5. Befriend the situation. Better yet, don’t just accept it, embrace your circumstances. Take on the challenge and remember that you will be a better person. Whether you’re waiting for that slow colleague to finish a deliverable or coming up with unique ways to find your next gig, you will learn something if you allow yourself to.
  6. Be aware of your feelings. It’s alright to be angry and frustrated. We’re human and those emotions are natural, especially when stress is building up. Recognizing those feelings, though, is your first step to controlling them and moving them away. Or consider removing yourself completely until you’ve regained your patience (see tip #3)

Patience certainly is a virtue and we can all use more of it. It lowers stress levels, improves team dynamics, increases productivity and, above all, builds relationships. How do you manage your patience when you’re on the brink of exploding?

Those Non-Technical People Who Work on a Tech Project

Those Non-Technical People Who Work on a Tech ProjectUnderstanding the basics of technology is a must for any employee or contractor who wants to be involved in an innovative organization. Regardless of a person’s role, if they want to be on board with the organization’s latest tools and use them efficiently, they must be somewhat savvy in the high-level technology skills.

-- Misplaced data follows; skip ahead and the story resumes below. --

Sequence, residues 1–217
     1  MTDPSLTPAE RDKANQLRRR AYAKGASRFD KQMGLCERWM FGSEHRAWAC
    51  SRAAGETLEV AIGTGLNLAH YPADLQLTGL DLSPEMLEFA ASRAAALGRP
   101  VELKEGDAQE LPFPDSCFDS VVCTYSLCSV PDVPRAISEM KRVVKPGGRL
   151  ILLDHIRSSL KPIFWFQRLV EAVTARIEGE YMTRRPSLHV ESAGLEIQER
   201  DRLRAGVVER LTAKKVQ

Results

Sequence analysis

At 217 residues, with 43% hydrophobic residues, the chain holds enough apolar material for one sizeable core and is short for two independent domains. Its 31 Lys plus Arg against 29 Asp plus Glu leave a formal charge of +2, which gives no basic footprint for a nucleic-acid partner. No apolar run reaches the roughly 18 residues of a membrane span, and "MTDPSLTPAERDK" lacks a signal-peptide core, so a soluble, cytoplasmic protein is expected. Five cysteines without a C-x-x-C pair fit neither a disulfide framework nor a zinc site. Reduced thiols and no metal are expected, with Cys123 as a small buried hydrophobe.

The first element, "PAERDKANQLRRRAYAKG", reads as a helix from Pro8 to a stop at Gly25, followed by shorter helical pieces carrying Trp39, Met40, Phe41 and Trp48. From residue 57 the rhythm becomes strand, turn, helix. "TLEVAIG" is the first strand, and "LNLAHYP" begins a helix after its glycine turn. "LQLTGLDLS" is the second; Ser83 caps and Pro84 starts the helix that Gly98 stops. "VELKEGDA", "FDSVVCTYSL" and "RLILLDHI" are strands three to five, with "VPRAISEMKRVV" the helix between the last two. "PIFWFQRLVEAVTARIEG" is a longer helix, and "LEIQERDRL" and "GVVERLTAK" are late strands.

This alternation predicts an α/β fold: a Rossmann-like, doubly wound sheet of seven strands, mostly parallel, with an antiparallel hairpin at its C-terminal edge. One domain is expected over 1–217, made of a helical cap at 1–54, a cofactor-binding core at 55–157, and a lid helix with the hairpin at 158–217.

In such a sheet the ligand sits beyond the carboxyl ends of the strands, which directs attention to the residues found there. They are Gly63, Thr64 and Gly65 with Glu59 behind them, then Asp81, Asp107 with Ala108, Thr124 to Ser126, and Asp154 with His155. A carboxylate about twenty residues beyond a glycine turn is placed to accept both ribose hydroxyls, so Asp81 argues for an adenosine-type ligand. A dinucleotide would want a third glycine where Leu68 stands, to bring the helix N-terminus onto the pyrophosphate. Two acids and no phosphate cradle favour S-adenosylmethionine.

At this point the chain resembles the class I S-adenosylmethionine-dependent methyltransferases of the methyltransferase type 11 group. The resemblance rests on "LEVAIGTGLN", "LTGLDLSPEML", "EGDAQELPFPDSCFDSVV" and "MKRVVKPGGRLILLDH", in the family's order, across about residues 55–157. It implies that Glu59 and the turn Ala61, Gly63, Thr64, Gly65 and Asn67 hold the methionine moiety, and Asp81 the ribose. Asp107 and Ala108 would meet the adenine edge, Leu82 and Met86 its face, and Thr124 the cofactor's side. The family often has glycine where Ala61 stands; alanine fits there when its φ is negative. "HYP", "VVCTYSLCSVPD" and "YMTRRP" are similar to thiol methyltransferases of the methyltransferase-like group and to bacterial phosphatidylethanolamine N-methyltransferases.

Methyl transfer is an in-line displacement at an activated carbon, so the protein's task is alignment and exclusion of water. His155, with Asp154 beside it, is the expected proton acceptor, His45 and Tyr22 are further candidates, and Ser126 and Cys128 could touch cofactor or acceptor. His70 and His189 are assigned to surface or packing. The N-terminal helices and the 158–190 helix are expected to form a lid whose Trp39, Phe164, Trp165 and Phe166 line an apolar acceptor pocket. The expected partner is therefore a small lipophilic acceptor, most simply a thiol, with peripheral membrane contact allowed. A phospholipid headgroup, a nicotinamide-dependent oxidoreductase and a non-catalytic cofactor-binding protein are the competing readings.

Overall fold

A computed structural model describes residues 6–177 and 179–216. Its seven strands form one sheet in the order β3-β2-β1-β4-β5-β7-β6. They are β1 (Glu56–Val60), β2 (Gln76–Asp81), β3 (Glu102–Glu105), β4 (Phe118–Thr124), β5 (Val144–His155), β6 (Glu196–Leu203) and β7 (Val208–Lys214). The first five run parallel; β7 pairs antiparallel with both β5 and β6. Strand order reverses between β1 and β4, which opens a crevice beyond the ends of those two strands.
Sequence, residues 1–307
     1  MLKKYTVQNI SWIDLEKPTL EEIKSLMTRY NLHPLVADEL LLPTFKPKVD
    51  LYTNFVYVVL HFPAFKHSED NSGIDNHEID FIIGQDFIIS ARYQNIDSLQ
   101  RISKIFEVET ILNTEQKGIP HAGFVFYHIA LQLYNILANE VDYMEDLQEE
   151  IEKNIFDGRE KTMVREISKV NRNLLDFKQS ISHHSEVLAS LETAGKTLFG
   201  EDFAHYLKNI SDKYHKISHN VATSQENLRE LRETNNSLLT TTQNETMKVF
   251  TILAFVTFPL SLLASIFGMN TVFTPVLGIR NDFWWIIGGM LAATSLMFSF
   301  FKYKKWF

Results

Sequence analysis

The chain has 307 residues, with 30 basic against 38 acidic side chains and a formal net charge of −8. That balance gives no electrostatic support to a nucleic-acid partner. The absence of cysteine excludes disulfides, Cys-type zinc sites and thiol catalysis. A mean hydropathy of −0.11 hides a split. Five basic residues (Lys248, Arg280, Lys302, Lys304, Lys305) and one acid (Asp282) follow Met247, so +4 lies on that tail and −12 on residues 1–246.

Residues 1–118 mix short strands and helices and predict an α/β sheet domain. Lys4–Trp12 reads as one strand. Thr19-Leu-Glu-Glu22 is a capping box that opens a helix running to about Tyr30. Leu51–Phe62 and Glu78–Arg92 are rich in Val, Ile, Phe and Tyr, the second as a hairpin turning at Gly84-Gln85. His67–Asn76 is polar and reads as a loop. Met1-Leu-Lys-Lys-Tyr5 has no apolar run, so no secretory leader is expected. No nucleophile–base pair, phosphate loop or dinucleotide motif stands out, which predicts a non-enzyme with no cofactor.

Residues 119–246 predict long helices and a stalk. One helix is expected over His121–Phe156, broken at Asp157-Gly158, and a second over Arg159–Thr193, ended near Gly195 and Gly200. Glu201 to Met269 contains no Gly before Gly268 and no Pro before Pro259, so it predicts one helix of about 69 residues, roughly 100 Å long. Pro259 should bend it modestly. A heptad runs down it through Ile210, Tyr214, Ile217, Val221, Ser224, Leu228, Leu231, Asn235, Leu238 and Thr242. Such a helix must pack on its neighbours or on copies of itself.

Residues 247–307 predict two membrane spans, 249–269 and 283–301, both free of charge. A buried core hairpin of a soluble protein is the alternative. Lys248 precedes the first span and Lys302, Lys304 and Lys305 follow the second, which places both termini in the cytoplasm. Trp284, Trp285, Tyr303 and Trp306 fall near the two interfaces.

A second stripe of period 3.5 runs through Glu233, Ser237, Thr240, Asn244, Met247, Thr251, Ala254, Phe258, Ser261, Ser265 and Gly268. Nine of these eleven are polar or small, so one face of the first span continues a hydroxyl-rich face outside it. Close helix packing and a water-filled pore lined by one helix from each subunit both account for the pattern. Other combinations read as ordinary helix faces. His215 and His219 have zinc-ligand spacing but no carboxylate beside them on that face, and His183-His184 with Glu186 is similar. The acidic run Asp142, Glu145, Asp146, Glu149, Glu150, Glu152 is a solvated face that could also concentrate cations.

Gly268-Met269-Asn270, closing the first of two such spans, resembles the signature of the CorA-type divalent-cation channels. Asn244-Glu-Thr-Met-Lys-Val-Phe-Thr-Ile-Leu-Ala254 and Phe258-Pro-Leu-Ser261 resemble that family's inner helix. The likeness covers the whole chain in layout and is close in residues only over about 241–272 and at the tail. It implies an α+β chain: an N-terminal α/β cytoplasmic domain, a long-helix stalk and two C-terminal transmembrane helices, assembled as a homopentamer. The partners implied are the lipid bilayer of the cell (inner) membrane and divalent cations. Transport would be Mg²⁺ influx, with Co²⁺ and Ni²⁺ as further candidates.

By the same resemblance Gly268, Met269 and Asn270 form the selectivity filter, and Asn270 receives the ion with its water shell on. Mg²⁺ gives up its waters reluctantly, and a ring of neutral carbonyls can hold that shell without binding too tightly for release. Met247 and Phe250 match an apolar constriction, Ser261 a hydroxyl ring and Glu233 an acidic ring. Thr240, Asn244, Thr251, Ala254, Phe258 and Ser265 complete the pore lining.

According to Undercover Recruiter, the most basic tech skills every employee should have do not require intense code training or learning how to take apart a computer. In fact, they’re skills that most of us take for granted, including:

  1. Social media savviness
  2. Spreadsheeting
  3. Presentation skills
  4. Word processing
  5. Touch typing
  6. Keyboard shortcuts
  7. Emailing
  8. Staying with the times

Still, we often come across team members or even leaders who have not bothered to learn or update these skills in years. They end up misunderstanding situations or slowing down projects.

Dealing with a client’s employees who do not understand technology, or even technical contractors who don’t understand the subject at hand, can be a frustrating ordeal; however, it’s also a reality that we need to adapt to. While there is little we can do about teaching people proper typing skills or how to use LinkedIn appropriately, you can control how you explain details to them to ensure better comprehension. In a recent article, The Muse shared four ways to explain tech concepts to non-tech co-workers. Here’s a brief summary:

  • Bring Out Your Inner Shakespeare: Compare the concept to something where the person does have a thorough understanding.
  • Let Your Co-worker Take the Lead: Let them guide the discussion so they can ask questions at their level.
  • Opt for Curious, Not Condescending: Avoid tech jargon or explaining in too much depth to avoid making people feel inept.
  • Add a Dose of Empathy: Understand a person’s situation and pay attention to how they’re reacting, then form your explanation.

How do you deal with non-technical people when they’re an integral part of your IT project team? Share your tips for other contractors in the comments below.